Tuesday, September 25, 2012

The Story of Football, America, Rules, and Laws

I just watched Monday Night Football.  (I'll miss the rest of the Packers' games because they'll be playing when I'm deer hunting. deer > football)  If you look you could find all sorts of problems and symptoms of problems with our society.

It was good to have Hank Williams, Jr.'s opening song to start the night.  The show's start seems stupider and blander without it.  He's no longer doing the intro because he was fired for saying something politically incorrect.

The big issue in the NFL today is the strike of the referees.   They are on strike because they want more benefits.  (And, I hear, pay for the games they didn't work while striking.)  We could talk about that strike and how it relates to all other strikes but I would rather focus on the rules the striking officials are supposed to officiate.

The Packers' just lost the game, in a large part, due to bad officiating.   But if they can't overcome bad officiating, then maybe they did not deserve to win.

(For the record I would have stopped watching in 2010.  I did not watch a game until the playoffs when the Packers started rolling.  And I only watched about 3 games in 2011 and 2012.  I watched only because the Packers were the best team in football.)

Let me tell the tale of football.  (And make my first attempt at writing something that means something else.)

The Story of Football, America, Rules, and Laws


Once upon a time football was a game that was becoming more and more popular.

Gradually new rules were added, and old rules were changed to promote the goals of the people who run football.  The fans wanted more scoring, so the rules were changed to promote scoring.  The players want more safety, so the rules were changed to make the game safer.  Every year we get more new rules and more rule changes.  We want more scoring, more safety, and to correct the flaws in our old system.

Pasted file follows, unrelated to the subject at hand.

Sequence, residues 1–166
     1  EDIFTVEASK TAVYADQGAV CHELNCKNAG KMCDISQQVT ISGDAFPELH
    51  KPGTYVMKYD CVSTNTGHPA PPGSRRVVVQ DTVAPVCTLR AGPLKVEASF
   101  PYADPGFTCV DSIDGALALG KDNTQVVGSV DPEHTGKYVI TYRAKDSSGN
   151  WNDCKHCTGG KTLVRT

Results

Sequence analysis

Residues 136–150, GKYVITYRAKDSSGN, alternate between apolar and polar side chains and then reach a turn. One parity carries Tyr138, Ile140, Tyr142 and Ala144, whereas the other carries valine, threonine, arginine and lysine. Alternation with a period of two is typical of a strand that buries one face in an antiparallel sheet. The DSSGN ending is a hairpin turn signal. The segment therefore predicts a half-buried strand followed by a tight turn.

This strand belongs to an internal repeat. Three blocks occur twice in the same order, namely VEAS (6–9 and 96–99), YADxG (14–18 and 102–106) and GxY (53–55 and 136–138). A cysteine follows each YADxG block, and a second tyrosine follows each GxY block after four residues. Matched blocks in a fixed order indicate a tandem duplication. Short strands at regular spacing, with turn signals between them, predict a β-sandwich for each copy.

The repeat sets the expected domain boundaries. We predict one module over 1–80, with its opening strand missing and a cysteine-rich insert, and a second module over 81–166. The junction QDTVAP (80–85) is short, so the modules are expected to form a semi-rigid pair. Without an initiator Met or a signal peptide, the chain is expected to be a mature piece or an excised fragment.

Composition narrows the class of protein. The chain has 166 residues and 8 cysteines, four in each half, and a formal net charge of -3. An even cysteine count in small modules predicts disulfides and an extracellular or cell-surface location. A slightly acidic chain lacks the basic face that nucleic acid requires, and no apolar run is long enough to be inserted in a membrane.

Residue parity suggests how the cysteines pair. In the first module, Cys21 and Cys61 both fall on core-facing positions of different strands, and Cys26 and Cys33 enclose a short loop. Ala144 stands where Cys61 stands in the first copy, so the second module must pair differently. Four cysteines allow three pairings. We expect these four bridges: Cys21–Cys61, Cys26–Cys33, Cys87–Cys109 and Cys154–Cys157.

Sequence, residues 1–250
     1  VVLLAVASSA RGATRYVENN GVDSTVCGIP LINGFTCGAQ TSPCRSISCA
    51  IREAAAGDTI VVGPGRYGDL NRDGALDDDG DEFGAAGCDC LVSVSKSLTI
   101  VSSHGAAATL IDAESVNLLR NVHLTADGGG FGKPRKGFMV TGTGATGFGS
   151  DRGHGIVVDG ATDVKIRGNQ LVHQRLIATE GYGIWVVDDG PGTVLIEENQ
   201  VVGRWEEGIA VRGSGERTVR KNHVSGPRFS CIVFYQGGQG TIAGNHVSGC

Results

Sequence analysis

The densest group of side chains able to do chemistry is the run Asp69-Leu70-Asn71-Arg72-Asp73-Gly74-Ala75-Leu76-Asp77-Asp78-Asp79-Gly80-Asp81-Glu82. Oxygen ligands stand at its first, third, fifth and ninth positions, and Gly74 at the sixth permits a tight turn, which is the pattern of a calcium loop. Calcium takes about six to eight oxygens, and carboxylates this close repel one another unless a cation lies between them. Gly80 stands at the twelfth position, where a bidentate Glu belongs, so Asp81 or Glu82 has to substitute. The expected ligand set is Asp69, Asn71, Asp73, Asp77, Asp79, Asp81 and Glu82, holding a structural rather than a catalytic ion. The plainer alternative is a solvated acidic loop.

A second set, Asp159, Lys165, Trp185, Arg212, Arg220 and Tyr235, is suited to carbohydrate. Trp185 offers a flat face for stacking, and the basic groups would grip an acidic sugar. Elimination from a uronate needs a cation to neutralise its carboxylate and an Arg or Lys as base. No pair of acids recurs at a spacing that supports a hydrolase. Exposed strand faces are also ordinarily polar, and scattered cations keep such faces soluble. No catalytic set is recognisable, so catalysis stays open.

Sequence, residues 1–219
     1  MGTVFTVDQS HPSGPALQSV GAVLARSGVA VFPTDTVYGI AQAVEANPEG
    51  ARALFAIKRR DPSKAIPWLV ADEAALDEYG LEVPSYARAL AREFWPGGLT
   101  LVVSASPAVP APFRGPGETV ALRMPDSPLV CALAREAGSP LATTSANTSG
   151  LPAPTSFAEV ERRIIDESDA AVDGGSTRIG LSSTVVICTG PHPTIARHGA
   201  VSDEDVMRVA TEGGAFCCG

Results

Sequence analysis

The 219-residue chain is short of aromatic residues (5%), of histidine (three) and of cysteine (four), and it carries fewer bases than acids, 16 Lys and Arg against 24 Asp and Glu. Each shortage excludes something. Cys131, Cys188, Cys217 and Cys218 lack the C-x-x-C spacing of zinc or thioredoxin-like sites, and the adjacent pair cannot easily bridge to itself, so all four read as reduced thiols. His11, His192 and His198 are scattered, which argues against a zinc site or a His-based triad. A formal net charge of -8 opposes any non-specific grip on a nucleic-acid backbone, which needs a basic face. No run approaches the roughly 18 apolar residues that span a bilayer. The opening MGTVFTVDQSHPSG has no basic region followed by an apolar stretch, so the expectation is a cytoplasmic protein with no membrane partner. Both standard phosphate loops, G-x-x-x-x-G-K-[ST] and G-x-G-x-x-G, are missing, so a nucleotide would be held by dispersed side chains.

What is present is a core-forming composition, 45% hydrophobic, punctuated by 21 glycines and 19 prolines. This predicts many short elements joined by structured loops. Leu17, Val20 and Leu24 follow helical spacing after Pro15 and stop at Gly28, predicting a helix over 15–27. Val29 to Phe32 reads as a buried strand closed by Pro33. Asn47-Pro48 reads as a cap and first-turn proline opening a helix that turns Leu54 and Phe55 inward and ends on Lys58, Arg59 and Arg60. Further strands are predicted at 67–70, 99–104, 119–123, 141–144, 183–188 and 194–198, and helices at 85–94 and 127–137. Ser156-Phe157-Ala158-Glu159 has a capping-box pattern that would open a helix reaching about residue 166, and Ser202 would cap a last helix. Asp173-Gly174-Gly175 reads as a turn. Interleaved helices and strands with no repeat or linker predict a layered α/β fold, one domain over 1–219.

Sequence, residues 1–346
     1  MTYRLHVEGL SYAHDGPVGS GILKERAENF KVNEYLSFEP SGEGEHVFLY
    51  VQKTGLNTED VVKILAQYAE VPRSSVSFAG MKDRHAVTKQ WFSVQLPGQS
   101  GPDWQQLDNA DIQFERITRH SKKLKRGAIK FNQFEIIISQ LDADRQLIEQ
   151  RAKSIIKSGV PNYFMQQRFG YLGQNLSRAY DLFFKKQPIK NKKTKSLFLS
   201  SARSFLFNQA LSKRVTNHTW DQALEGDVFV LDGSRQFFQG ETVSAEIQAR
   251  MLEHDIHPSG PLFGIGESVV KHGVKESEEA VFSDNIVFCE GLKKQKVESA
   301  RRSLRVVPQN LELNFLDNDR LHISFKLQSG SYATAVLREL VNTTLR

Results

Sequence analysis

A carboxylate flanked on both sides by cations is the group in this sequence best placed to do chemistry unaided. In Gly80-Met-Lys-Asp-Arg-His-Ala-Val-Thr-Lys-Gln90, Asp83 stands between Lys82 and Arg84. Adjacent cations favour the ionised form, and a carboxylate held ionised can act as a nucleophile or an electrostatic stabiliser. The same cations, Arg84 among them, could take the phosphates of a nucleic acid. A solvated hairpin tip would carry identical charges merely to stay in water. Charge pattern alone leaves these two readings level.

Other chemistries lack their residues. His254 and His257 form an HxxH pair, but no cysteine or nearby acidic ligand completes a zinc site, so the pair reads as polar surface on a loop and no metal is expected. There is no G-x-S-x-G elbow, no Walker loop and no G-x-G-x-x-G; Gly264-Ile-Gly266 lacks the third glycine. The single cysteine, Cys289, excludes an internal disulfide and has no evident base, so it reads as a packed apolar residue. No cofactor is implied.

All along, as we are adding new rules, and changing the old ones, there are problems in football.  Bad calls are made by officials and teams win and lose because of the people calling the rules, not always because of their own effort.  Some rules are unclear.  A catch requires: possession, two feet in bounds (a knee equals two feet), and a "football move."  Year after year we change the rules to make them clearer.  Year after year, we add new rules to promote passing, scoring, and safety.

More and more rules.

We have so many rules we require highly trained and specialized officials to decide who is following them and who is not.  They make bad calls and we add coaches' challenges to have the officials review their work and to correct themselves if they are wrong.

We change our minds each year about what officiating calls can be challenged.  We make limits on when the challenges can take place.  We add third parties to challenge the plays during certain times of the game.  We decide that challenges can only occur so often and intermix the coaches' challenge rules with the rules of the timeouts.  We add new rules for when timeouts, and challenges, can be used with player injuries.